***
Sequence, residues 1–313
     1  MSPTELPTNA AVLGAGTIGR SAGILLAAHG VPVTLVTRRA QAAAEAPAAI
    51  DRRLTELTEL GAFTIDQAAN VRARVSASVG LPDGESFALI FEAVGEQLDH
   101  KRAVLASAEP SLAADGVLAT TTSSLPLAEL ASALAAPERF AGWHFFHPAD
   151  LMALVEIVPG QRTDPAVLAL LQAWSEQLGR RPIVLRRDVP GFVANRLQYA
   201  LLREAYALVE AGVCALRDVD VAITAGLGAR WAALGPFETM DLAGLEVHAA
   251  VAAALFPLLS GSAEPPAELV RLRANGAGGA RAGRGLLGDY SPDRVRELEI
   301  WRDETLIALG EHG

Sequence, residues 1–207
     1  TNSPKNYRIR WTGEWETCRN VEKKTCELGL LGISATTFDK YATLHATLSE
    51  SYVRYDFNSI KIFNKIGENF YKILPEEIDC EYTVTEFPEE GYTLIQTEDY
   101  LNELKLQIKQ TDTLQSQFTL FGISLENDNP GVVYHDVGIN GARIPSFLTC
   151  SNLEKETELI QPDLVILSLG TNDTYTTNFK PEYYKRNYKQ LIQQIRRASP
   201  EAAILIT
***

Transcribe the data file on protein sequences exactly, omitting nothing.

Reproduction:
Sequence, residues 1–313
     1  MSPTELPTNA AVLGAGTIGR SAGILLAAHG VPVTLVTRRA QAAAEAPAAI
    51  DRRLTELTEL GAFTIDQAAN VRARVSASVG LPDGESFALI FEAVGEQLDH
   101  KRAVLASAEP SLAADGVLAT TTSSLPLAEL ASALAAPERF AGWHFFHPAD
   151  LMALVEIVPG QRTDPAVLAL LQAWSEQLGR RPIVLRRDVP GFVANRLQYA
   201  LLREAYALVE AGVCALRDVD VAITAGLGAR WAALGPFETM DLAGLEVHAA
   251  VAAALFPLLS GSAEPPAELV RLRANGAGGA RAGRGLLGDY SPDRVRELEI
   301  WRDETLIALG EHG

Sequence, residues 1–207
     1  TNSPKNYRIR WTGEWETCRN VEKKTCELGL LGISATTFDK YATLHATLSE
    51  SYVRYDFNSI KIFNKIGENF YKILPEEIDC EYTVTEFPEE GYTLIQTEDY
   101  LNELKLQIKQ TDTLQSQFTL FGISLENDNP GVVYHDVGIN GARIPSFLTC
   151  SNLEKETELI QPDLVILSLG TNDTYTTNFK PEYYKRNYKQ LIQQIRRASP
   201  EAAILIT